CD8+ T-cell immunity plays an important role in protection against intracellular infections. Earlier studies have shown that CD4 + T-cell help was needed for launching in vivo CD8+ T-cell activity against these pathogens and tumors. However, recently CD4+ T-cell-independent CDS responses during several microbial infections including those with Toxoplasma gondii have been described, although the mechanism is not understood. We now demonstrate that, in the absence of CD4+ T cells, T. gondii-infected mice exhibit an extended NK cell response, which is mediated by continued interleukin-12 (IL-12) secretion. This prolonged NK cell response is critical for priming parasite-specific CD8+ T-cell immunity. Depletion of NK cells inhibited the generation of CD8+ T-cell immunity in CD4-/- mice. Similarly neutralization of IL-12 reduces NK cell numbers in infected animals and leads to the down-regulation of CD8 + T-cell immunity against T. gondii. Adoptive transfer of NK cells into the IL-12-depleted animals restored their CD8+ T-cell immune response, and animals exhibited reduced mortality. NK cell gamma Interferon was essential for cytotoxic T-lymphocyte priming. Our studies for the first time demonstrate that, in the absence of CD4+ T cells, NK cells can play an important role in induction of primary CD8+ T-cell immunity against an intracellular infection. These observations have therapeutic implications for immunocompromised individuals, including those with human immunodeficiency virus infection.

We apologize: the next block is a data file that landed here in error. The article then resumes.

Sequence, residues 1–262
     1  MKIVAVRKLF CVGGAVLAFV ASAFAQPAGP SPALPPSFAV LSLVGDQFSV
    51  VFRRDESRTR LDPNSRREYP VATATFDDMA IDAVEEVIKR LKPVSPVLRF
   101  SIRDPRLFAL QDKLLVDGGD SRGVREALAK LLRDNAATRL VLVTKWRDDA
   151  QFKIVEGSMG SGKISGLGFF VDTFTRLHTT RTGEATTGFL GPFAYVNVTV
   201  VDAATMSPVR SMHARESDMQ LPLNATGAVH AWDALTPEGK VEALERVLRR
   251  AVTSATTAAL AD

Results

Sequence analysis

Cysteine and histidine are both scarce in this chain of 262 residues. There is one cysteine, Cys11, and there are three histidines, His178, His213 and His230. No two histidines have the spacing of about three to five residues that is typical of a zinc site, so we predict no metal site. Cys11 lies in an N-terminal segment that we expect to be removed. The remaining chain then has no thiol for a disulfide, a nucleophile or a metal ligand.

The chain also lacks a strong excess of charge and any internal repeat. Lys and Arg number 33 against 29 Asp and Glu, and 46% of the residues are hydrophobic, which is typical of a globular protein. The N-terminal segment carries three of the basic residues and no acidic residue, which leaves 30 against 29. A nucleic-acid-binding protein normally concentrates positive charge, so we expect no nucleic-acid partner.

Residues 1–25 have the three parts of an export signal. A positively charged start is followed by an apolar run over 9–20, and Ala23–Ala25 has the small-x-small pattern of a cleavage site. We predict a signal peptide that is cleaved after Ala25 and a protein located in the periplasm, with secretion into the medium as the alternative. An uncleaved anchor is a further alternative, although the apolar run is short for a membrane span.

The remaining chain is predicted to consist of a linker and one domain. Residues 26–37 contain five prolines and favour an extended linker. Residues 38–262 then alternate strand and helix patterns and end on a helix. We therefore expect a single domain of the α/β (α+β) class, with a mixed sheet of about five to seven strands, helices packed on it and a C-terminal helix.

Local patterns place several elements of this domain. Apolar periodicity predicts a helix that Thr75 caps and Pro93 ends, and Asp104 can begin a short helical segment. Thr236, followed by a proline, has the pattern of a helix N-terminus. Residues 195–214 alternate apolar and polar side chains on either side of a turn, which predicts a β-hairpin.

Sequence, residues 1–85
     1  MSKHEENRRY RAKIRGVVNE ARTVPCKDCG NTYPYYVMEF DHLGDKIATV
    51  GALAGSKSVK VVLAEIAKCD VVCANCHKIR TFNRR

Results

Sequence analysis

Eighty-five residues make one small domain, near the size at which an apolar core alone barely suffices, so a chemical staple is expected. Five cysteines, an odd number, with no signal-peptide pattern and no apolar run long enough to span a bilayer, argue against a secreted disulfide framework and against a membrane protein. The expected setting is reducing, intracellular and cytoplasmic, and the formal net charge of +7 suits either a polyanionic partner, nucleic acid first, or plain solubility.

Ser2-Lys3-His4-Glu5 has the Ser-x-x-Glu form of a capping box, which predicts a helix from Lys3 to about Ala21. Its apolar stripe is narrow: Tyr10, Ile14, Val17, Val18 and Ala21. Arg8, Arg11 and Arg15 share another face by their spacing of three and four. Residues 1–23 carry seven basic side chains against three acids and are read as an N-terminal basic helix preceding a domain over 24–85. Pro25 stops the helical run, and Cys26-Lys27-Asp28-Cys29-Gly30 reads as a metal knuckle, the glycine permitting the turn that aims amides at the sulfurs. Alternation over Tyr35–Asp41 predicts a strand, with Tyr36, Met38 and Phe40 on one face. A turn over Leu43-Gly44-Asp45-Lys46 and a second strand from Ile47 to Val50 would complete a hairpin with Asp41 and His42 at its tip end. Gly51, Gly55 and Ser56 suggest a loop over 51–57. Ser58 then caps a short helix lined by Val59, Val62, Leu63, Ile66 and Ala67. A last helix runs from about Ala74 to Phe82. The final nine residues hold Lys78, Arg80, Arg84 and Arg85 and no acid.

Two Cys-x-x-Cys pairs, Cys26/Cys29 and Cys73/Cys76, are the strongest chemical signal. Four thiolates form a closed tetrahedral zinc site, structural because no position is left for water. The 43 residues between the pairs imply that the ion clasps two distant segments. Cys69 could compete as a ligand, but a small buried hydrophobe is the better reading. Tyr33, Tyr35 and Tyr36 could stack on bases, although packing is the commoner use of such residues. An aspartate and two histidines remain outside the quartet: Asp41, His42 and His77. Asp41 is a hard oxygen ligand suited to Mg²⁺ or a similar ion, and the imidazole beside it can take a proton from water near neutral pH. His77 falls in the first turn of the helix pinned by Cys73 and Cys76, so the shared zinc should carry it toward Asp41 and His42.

ASJC Scopus subject areas
- Infectious Diseases